Google Inc. has won a key ruling in its lawsuit against the US Interior Department, two months after the Web giant accused the agency of improperly favoring rival Microsoft Corp. in a contract bid to provide a new email system, the Wall Street Journal reported Wednesday.
Susan Braden, a federal judge in Washington, on Monday issued a preliminary injunction that prevents the Interior Department from deciding to use Microsoft's email and collaboration tools for its 88,000 employees as part of the federal government's move to Web-based software, sometimes known as cloud computing.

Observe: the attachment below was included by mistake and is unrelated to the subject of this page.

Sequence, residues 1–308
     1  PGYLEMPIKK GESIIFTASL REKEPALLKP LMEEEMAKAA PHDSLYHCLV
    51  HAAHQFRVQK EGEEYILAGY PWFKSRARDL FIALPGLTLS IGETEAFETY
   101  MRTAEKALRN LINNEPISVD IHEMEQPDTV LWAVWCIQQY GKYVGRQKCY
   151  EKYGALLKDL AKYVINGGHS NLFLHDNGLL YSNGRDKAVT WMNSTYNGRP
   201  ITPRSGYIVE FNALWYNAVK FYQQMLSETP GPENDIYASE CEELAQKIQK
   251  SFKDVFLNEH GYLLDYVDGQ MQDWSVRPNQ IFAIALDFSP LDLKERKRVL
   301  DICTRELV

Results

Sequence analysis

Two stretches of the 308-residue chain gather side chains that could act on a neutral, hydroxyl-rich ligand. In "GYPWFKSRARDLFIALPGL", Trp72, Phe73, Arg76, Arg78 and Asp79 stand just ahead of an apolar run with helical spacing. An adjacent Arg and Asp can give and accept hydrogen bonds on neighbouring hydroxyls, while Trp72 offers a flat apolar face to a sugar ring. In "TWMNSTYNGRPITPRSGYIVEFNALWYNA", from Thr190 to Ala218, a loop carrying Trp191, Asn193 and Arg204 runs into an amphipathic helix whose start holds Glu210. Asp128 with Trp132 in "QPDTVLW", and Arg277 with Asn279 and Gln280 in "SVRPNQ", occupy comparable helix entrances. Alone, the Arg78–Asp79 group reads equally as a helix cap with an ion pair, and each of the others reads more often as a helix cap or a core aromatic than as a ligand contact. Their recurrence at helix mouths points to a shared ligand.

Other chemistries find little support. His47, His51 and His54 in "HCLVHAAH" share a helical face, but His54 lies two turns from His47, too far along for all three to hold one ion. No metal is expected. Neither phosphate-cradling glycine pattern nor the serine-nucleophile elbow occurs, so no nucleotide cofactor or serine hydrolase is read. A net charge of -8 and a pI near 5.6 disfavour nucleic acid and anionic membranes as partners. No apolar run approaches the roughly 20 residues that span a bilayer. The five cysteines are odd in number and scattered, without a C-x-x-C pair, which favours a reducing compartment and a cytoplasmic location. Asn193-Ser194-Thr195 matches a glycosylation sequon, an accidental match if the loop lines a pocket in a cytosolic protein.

In an order unsealed late Tuesday in the US Court of Federal Claims, Judge Braden wrote that Google had made a preliminary showing that the agency "violated the Competition in Contracting Act," which was passed in 1984 to promote "full and open competitive procedures" for federal contract bids.
A spokesman for Google, which filed the suit in October of last year, said in a statement: "As a proponent of open competition on the Internet and in the technology sector in general, we're pleased with the court's decision."
A spokeswomen for the Interior Department, which includes the National Park Service and US Fish and Wildlife Service, declined to comment. A Microsoft spokeswoman didn't immediately respond to a request for comment.